Adam Gelb

Adam Gelb

  • Director
  • Public Safety Performance Project,
  • The Pew Charitable Trusts


Adam Gelb directs Pew’s public safety performance project, which helps states advance policies and practices in adult and juvenile sentencing and corrections that protect public safety, hold offenders accountable, and control corrections costs.

As the project lead, Gelb oversees Pew’s assistance to states seeking a greater public safety return on their corrections spending. He also supervises a vigorous research portfolio that highlights strategies for reducing recidivism while cutting costs. Gelb speaks frequently with the media about national trends and state innovations, and regularly advises policy makers on implementation of practical, cost-effective policies.

Gelb has been involved in crime control and prevention issues for the past 28 years as a journalist, congressional aide, and senior state government official. He began his career as a reporter at the Atlanta Journal-Constitution and staffed the U.S. Senate Judiciary Committee during negotiations and final passage of the Violent Crime Control and Law Enforcement Act of 1994. From 1995 to 2000, as policy director for the lieutenant governor of Maryland, Gelb was instrumental in developing several nationally recognized anti-crime initiatives. He served as executive director of the Georgia Sentencing Commission from 2001 to 2003. Before joining Pew, he was vice president for programs at the Georgia Council on Substance Abuse.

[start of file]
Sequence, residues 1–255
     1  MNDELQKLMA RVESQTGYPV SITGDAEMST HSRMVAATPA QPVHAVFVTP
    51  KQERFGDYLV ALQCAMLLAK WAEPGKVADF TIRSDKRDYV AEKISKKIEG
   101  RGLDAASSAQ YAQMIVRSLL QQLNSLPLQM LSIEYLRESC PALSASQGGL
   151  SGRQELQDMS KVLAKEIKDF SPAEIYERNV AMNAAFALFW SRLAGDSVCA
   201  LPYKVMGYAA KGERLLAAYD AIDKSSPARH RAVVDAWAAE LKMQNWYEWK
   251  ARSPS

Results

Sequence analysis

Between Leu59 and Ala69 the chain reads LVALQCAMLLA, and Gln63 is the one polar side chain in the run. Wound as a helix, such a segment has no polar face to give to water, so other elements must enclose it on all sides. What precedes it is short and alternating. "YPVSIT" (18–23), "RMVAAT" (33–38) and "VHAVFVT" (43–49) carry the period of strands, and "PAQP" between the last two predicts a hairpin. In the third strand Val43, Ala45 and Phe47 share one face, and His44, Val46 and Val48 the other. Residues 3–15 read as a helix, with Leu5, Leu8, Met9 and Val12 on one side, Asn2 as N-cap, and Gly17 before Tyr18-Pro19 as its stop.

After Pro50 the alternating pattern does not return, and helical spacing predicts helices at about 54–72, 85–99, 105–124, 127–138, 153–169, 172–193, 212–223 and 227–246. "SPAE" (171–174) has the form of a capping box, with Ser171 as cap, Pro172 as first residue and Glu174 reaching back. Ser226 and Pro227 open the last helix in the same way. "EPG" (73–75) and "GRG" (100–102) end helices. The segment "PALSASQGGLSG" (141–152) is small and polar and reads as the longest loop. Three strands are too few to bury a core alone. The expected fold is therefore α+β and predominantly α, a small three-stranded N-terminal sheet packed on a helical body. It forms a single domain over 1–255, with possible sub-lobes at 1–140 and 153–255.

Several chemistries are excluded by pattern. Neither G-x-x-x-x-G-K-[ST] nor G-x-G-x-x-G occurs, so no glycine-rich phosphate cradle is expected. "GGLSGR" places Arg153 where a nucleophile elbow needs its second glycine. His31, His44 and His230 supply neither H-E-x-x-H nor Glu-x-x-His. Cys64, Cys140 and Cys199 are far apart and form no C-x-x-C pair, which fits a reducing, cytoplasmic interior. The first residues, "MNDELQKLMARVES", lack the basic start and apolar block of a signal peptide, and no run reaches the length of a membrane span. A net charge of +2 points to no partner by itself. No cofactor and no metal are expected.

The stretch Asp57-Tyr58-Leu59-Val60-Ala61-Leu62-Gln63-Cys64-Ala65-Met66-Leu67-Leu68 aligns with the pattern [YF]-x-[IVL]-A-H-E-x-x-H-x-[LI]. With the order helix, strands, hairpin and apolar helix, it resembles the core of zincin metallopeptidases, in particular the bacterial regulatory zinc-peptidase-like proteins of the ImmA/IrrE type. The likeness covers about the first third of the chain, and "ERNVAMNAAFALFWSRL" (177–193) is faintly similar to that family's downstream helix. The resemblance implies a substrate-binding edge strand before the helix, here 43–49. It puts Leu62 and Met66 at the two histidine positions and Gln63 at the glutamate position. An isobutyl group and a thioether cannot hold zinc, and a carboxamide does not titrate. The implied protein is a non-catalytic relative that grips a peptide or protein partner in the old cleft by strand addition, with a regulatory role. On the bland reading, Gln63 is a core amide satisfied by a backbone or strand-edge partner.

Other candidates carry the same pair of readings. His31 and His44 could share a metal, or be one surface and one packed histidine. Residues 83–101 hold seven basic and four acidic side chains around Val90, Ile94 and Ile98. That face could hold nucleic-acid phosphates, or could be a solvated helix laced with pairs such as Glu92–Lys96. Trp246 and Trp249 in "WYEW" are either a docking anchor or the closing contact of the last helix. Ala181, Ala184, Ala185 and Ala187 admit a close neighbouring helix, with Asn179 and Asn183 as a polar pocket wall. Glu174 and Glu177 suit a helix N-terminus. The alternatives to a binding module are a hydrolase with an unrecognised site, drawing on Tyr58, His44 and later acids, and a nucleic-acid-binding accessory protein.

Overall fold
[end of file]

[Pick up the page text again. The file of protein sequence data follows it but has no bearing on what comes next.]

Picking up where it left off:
Gelb graduated from the University of Virginia and holds a master’s degree from Harvard University’s Kennedy School of Government.

Recent Work

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  • Examining Electronic Monitoring Technologies

    Each year, millions of pretrial defendants and convicted offenders are supervised in their communities as they await trial or serve periods of probation or parole. Local and state agencies are increasingly using electronic monitoring (EM) technologies to supplement supervision, tracking where offenders go and whether they are using alcohol or drugs. Read More

  • Prison Time Surges for Federal Inmates

    The average length of time served by federal inmates more than doubled from 1988 to 2012, rising from 17.9 to 37.5 months.  Across all six major categories of federal crime—violent, property, drug, public order, weapon, and immigration offenses—imprisonment periods increased significantly.  (See Figure 1.)  For drug offenders, who make up roughly half of the federal... Read More

  • Prosecutor Perspectives on Juvenile Justice

    Prosecutors serve on the front lines of the justice system, holding offenders accountable for their actions. Cases involving juvenile offenders present prosecutors with a unique set of challenges and opportunities. In recent years, a number of states have made policy changes to improve outcomes for youth offenders, and prosecutors have been important players in the deliberations. The Pew... Read More

Media Contact

Darienne Gutierrez

Senior Associate, Communications